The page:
Albeit the success of commercial beef cattle nowadays, local breeds are an important reservoir of traits that might be crucial to meet future challenges. Genetic analysis is a primary step to study populations in order to elaborate conservation measures and handle inbreeding. This study investigates the population structure of six local cattle beef breeds through pedigree data, namely: Calvana (n = 2798), Mucca Pisana (n = 3339), Pontremolese (n = 328), Sarda (n = 97,163), Sardo Bruna (n = 74,981) and Sardo Modicana (n = 25,355). The current population size of the three Tuscan breeds is extremely low counting: 263 Calvana (37 males and 226 females), 346 Mucca Pisana (52 males and 294 females) and 52 Pontremolese (8 males and 44 females) extant animals. These figures classify Calvana and Pisana as endangered breeds, while Pontremolese as critical breed. Genetic analysis was performed by the ENDOG 4.8 software using pedigree information. To overcome pedigree incompleteness, we estimated the effective population size (Ne) based on the equivalent generations calculated as Σ(1/2)n, where n was the number of generations separating the individual from each of the known ancestors. Pontremolese and Sarda had the lowest Ne (14.62 and 16.64, respectively) while Sardo Modicana the highest value (39.79). The others showed similar Ne, around 19. The average inbreeding coefficient for the Tuscan breeds was 7.25, 5.10 and 3.64 % for Mucca Pisana, Calvana and Pontremolese, respectively. Sardinian breeds showed the smallest values ranging between 1.23% (in Sardo Bruna) to 1.90% (in Sarda). The average generation interval in years was rather high for all breeds, with the lowest value observed in Sardo Modicana (7.8 SD =9.75) and the highest in Sardo Bruna (13.3 SD =16.7). Following Ne, the rates of inbreeding per generation (ΔF = 1/2Ne) were ~2.6% for Calvana, Mucca Pisana and Sardo Bruna, 3% and 3.42% for the Sarda and Pontremolese, respectively, and ~1.26% for Sardo Modicana. This preliminary data suggests the urgency of conservation strategies for the three Tuscan breeds. In the next steps, we will further integrate pedigree and genomic information to (i) explore the population structure and genetic diversity within and between breeds, (ii) identify signatures of selection and (iii) plan assortative matings to control the inbreeding.

Conservation status and rates of inbreeding of Italian autochthonous beef breeds / Fabbri, M. C.; Dadousis, C.; Biffani, S.; Negrini, R.; Bozzi, R.. - In: ITALIAN JOURNAL OF ANIMAL SCIENCE. - ISSN 1828-051X. - ELETTRONICO. - 18:(2019), pp. 37-38. ((Intervento presentato al convegno 23nd Congress of Animal Science and production Association tenutosi a Sorrento (Italy) nel 11-14 June.

Conservation status and rates of inbreeding of Italian autochthonous beef breeds

DADOUSIS C.;
2019

Abstract

Albeit the success of commercial beef cattle nowadays, local breeds are an important reservoir of traits that might be crucial to meet future challenges. Genetic analysis is a primary step to study populations in order to elaborate conservation measures and handle inbreeding. This study investigates the population structure of six local cattle beef breeds through pedigree data, namely: Calvana (n = 2798), Mucca Pisana (n = 3339), Pontremolese (n = 328), Sarda (n = 97,163), Sardo Bruna (n = 74,981) and Sardo Modicana (n = 25,355). The current population size of the three Tuscan breeds is extremely low counting: 263 Calvana (37 males and 226 females), 346 Mucca Pisana (52 males and 294 females) and 52 Pontremolese (8 males and 44 females) extant animals. These figures classify Calvana and Pisana as endangered breeds, while Pontremolese as critical breed. Genetic analysis was performed by the ENDOG 4.8 software using pedigree information. To overcome pedigree incompleteness, we estimated the effective population size (Ne) based on the equivalent generations calculated as Σ(1/2)n, where n was the number of generations separating the individual from each of the known ancestors. Pontremolese and Sarda had the lowest Ne (14.62 and 16.64, respectively) while Sardo Modicana the highest value (39.79). The others showed similar Ne, around 19. The average inbreeding coefficient for the Tuscan breeds was 7.25, 5.10 and 3.64 % for Mucca Pisana, Calvana and Pontremolese, respectively. Sardinian breeds showed the smallest values ranging between 1.23% (in Sardo Bruna) to 1.90% (in Sarda). The average generation interval in years was rather high for all breeds, with the lowest value observed in Sardo Modicana (7.8 SD =9.75) and the highest in Sardo Bruna (13.3 SD =16.7). Following Ne, the rates of inbreeding per generation (ΔF = 1/2Ne) were ~2.6% for Calvana, Mucca Pisana and Sardo Bruna, 3% and 3.42% for the Sarda and Pontremolese, respectively, and ~1.26% for Sardo Modicana. This preliminary data suggests the urgency of conservation strategies for the three Tuscan breeds. In the next steps, we will further integrate pedigree and genomic information to (i) explore the population structure and genetic diversity within and between breeds, (ii) identify signatures of selection and (iii) plan assortative matings to control the inbreeding.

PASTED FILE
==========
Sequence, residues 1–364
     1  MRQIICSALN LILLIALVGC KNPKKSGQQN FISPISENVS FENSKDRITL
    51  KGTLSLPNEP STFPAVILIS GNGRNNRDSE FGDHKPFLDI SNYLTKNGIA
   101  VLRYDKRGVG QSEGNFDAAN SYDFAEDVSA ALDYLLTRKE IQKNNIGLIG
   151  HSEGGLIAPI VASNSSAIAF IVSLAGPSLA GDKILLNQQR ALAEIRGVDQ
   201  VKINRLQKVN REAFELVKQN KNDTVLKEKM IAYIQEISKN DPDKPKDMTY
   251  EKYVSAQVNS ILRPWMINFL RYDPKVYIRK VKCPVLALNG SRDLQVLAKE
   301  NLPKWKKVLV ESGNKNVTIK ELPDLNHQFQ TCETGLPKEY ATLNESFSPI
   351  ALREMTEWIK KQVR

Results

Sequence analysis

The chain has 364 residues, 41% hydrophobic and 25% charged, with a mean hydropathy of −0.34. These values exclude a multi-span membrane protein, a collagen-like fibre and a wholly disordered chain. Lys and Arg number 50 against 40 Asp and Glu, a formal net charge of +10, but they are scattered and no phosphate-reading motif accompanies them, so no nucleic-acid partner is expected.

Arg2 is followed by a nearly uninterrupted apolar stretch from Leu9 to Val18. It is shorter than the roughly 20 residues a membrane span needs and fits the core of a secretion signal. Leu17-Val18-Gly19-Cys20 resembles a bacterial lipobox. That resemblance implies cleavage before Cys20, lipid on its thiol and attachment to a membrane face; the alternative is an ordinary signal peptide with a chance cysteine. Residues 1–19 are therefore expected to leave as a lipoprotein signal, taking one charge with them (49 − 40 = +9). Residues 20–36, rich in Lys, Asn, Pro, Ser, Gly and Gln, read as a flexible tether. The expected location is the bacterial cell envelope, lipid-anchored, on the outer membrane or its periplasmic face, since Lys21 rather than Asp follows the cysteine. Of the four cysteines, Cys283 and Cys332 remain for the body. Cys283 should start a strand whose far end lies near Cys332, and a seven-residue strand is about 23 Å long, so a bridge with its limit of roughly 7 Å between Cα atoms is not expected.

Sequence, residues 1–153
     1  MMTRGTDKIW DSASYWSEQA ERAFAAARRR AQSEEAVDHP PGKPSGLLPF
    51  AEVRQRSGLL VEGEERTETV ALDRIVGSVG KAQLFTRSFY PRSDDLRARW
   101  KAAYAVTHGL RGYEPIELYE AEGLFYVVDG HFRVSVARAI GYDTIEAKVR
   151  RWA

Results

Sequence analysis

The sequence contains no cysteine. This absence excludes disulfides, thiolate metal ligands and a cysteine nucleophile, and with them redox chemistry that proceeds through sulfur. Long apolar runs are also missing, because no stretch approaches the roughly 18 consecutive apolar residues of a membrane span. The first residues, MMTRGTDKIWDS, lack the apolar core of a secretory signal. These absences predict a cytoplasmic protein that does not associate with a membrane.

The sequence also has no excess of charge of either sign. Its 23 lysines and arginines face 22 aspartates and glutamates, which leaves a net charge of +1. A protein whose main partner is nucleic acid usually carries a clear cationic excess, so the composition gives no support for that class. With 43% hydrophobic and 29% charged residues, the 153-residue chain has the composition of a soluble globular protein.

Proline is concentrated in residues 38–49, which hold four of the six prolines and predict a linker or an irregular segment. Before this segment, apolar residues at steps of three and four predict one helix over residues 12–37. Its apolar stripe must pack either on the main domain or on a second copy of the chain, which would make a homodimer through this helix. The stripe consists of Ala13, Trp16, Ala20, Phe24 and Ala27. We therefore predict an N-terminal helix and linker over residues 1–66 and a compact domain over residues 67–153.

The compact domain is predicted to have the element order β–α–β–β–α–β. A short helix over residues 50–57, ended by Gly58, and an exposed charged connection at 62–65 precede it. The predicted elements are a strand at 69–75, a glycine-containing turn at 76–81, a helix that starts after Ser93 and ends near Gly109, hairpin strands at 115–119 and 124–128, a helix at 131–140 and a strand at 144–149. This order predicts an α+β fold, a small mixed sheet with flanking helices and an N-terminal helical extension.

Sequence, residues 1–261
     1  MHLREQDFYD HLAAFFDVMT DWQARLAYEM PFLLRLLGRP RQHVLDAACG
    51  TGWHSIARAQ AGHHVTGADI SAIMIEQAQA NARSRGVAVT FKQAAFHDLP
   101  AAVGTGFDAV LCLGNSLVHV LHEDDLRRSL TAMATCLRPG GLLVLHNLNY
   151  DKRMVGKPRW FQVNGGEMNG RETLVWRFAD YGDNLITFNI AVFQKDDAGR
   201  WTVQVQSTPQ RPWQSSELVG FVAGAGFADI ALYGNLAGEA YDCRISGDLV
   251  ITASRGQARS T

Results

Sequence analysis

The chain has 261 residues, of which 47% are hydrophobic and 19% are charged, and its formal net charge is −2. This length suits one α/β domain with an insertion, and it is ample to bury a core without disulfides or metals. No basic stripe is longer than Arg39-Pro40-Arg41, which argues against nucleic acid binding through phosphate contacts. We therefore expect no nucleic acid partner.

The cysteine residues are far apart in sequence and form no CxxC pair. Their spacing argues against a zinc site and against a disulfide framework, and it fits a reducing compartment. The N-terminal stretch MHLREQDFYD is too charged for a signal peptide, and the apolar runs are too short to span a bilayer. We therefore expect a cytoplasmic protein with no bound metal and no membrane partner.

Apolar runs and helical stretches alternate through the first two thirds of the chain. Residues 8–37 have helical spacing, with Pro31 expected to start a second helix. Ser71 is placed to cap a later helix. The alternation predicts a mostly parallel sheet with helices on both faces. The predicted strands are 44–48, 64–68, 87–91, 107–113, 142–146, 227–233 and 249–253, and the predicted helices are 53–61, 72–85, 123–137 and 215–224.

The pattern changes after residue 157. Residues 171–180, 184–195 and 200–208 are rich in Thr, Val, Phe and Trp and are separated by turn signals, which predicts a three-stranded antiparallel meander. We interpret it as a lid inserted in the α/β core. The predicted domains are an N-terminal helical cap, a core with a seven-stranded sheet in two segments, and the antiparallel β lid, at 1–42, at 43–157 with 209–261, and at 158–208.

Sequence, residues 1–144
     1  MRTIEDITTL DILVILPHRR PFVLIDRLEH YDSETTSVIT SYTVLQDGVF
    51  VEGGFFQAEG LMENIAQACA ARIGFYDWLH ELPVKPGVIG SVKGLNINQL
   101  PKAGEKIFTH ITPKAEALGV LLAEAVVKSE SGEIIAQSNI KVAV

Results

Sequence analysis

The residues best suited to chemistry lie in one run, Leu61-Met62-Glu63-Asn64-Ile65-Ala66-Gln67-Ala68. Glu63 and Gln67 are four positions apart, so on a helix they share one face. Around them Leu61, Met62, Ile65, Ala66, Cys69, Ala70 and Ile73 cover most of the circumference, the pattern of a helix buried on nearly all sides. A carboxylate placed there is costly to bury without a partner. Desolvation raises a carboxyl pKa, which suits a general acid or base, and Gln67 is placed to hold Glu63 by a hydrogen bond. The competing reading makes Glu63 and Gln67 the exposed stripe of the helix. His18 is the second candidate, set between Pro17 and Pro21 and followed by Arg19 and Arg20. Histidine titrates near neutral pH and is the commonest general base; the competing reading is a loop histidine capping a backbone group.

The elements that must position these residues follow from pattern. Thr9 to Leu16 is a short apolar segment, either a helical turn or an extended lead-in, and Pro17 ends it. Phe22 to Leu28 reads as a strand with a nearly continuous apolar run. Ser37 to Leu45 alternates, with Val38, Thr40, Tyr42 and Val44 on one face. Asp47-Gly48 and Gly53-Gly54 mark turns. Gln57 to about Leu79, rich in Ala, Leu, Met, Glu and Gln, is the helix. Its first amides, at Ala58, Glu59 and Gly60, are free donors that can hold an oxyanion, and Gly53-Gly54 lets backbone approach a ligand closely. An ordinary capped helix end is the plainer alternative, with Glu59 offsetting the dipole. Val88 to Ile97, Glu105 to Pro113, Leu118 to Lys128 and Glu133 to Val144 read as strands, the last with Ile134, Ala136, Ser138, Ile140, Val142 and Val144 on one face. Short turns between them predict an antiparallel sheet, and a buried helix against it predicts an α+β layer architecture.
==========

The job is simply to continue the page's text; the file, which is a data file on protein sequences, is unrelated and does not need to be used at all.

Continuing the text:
Conservation status and rates of inbreeding of Italian autochthonous beef breeds / Fabbri, M. C.; Dadousis, C.; Biffani, S.; Negrini, R.; Bozzi, R.. - In: ITALIAN JOURNAL OF ANIMAL SCIENCE. - ISSN 1828-051X. - ELETTRONICO. - 18:(2019), pp. 37-38. ((Intervento presentato al convegno 23nd Congress of Animal Science and production Association tenutosi a Sorrento (Italy) nel 11-14 June.
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Utilizza questo identificativo per citare o creare un link a questo documento: https://hdl.handle.net/11381/2905117
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